Any concessions given to current players will have some impact on revenues to the government

Given the importance of energy to our standard of living, the need for all citizens to understand matters relating to this sector is critical.

In the amended Standing Orders of the House of Representatives 2014, Section 104, it states, “The committee on Energy Affairs shall have the duty of considering, from time to time, and reporting whenever necessary, on all matters related to the expenditure, administration and policy in relation to Energy Affairs.”

This certainly is a step in the right direction and may change the position wherein energy becomes a truly national issue rather than a party issue subject to disruptive changes in policy and its unintended consequences.

In a consideration on the future of energy, one must consider the review by the credit rating agency Moody’s and the subsequent downgrade of the country’s sovereign debt rating and the implications of the country’s policy on energy.

Energy policy must also be developed within the context of the long-term economic planning of the society.

An aggressive energy program as suggested by some individuals must be balanced with the current needs of society, because any concessions given to current players will have some impact on revenues to the government.

If the policy choice is that of deficit-spending, then the fiscal space to accommodate attraction of foreign investment through the fiscal regime would be limited or nonexistent, and must also be done in a high price environment.

If this sort of fiscal indiscipline is ignored, then the sustainability of the current standards of living and the objectives of any government will not be achieved.

Unfortunately, the impact of the inappropriate policy positions would be communicated via action by international agencies, usually downgrades which generally signal to the international community a negative change in our country’s standing relative to others who are competing for the markets in which we currently operate.

This changes the risk profile of the country and becomes a possible detriment in attracting investment.

The success of Trinidad and Tobago will only be achieved if as a society there is a coherent vision and an understanding of how energy and its peculiar characteristics fit into that plan.

Much of the discussion on diversification, if viewed through an understanding of the country’s resources, may reveal that our problem is not only about diversification but more importantly about the structure and use of expenditures for development.

An enabling environment and a renewed focus on productivity and return on investment compared to the other countries operating in our market is critical to our understanding of these new realities.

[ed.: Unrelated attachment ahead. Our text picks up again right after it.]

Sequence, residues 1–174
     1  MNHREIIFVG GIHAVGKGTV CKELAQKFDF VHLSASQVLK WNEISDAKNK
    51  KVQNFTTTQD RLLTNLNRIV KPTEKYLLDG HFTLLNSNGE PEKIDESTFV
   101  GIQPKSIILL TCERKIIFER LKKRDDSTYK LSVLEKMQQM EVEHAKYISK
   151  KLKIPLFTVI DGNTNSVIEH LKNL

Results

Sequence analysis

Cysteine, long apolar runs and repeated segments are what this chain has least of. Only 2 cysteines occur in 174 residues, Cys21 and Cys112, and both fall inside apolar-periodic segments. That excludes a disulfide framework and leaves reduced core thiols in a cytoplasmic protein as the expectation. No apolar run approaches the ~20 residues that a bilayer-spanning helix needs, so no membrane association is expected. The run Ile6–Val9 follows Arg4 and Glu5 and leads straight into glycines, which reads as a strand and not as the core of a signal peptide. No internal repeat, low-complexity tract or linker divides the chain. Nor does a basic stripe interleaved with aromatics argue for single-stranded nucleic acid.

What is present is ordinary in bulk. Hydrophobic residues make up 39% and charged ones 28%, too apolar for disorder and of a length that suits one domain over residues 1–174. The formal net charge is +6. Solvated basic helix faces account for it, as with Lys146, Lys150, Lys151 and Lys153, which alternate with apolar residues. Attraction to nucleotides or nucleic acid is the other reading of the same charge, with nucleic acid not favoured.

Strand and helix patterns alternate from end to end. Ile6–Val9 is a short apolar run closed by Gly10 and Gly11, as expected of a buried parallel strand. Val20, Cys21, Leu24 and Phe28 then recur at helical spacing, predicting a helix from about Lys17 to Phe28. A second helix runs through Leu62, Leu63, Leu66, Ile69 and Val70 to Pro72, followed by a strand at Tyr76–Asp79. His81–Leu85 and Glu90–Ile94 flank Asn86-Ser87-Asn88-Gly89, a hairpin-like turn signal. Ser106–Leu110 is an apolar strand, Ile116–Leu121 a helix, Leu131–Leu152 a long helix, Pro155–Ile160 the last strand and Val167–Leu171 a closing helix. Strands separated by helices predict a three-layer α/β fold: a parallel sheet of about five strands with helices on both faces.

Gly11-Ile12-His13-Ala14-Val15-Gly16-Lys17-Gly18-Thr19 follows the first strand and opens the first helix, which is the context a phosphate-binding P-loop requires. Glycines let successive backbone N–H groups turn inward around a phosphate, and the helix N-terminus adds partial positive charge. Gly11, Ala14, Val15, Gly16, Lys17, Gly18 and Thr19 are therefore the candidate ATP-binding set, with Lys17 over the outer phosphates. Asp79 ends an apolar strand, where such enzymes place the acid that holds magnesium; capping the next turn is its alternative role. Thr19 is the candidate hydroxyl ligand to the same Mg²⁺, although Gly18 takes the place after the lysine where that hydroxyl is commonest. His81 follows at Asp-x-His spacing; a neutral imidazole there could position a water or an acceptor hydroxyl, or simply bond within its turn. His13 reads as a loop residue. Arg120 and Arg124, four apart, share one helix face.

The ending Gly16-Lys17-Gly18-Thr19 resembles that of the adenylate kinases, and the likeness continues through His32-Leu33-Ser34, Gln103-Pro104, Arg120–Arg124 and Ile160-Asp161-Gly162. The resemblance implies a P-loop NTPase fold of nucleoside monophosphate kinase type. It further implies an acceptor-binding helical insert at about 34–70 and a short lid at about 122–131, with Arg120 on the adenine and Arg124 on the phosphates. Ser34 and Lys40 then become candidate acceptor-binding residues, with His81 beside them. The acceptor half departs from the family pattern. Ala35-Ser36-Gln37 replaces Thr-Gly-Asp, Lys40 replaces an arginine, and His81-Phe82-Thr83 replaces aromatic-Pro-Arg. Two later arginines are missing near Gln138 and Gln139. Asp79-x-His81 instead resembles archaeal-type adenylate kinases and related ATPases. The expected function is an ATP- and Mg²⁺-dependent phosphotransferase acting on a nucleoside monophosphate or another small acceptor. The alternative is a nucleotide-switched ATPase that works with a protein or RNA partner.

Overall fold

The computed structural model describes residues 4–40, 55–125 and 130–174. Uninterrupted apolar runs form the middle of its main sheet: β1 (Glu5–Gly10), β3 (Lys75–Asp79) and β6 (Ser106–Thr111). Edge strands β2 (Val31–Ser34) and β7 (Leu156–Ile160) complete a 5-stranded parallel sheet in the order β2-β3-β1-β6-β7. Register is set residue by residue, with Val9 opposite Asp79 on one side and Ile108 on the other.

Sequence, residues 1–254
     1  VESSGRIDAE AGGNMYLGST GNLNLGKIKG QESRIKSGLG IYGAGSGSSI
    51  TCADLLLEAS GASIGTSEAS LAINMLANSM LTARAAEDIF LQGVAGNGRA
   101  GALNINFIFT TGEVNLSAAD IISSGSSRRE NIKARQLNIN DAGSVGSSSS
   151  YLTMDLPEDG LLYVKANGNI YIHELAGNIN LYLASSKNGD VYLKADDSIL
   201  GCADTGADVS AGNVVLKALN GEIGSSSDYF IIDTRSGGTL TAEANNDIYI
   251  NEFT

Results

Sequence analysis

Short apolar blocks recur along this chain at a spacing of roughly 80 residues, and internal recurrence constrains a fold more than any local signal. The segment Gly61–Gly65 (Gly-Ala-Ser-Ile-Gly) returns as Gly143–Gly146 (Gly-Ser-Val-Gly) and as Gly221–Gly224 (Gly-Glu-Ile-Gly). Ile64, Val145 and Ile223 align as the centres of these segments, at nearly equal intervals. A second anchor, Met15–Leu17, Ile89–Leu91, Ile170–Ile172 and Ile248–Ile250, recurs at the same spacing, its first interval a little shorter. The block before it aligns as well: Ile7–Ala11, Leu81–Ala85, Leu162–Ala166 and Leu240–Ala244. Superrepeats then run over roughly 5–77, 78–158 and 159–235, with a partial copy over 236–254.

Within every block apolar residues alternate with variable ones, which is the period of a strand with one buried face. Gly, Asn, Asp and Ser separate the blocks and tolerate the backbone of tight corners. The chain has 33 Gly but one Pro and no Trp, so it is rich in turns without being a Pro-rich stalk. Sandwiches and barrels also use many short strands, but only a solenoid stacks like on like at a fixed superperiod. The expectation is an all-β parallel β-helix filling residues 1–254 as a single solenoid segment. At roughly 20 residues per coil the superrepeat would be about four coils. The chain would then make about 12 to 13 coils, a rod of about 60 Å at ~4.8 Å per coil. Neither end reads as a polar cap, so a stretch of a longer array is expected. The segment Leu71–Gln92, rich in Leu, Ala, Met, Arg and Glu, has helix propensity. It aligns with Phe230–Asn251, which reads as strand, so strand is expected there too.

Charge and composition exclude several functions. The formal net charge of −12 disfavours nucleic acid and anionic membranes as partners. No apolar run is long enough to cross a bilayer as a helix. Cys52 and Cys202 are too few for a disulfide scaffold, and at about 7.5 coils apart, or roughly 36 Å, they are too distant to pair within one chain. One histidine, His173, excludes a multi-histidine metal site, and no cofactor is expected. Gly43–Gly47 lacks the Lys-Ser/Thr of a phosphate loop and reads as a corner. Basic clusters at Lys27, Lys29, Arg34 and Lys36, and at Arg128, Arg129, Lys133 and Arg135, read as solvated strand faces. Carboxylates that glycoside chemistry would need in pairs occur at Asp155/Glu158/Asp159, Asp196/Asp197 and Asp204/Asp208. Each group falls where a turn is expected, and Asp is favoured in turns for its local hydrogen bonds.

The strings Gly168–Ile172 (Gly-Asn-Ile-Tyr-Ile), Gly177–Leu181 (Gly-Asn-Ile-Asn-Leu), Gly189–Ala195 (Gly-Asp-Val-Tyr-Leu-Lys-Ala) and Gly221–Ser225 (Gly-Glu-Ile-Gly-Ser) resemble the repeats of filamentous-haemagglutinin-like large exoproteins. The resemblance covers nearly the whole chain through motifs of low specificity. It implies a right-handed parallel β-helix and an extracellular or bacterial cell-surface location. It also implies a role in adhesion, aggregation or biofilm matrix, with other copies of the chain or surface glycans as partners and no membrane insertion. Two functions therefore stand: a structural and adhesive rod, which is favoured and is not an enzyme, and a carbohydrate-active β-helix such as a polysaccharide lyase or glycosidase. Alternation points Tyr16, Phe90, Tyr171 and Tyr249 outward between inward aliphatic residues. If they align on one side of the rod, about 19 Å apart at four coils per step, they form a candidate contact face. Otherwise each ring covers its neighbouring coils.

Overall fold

Only when we come to terms with these difficult but necessary issues will we progress from what appears to the uninformed observer as good policy to actual sound and sustainable policy.

Oil and the commercialisation of oil can create revenue for any country. Oil is traded globally at prices that reflect variable demand and supply. Its pricing is therefore volatile, and decisions taken in an oil-based economy has certain inherent risks relative to sustainability.

One mechanism to manage this volatility is a Heritage and Stabilisation Fund which is integrated into the national planning process.

It may well be that the time has come to introduce an expenditure price as well as a revenue price in our national budgeting process.

This will certainly assist in the accountability and governance of the energy resources in a manner in which civil society can understand and participate in the development process.

Gas and the production of gas helps further develop a petrochemicals industry with the potential to place citizens in high-value jobs which are sustainable over the long term.

Trinidad and Tobago has achieved this, but global conditions have changed. Shale gas and shale oil are the new entrants into this marketplace, and competition has now increased in the markets that we have traditionally served.

In the current situation in which Trinidad and Tobago finds itself, attention must be given to alternative and renewable energy sources as a new source of revenue.

As these new energy sources are pursued and aggressively supported by the government, it can engineer the rebirth of prosperity, a much wiser populace with more citizens involved and with a better understanding of the fragility of our environment.

In a sense, perhaps, we could begin the Green Revolution in which Trinidad and Tobago can create a model of development with traditional energy supplying the platform for growth and development as we transition to a nontraditional but more environmentally friendly energy supply, giving every citizen a role in the protection and development of Trinidad and Tobago.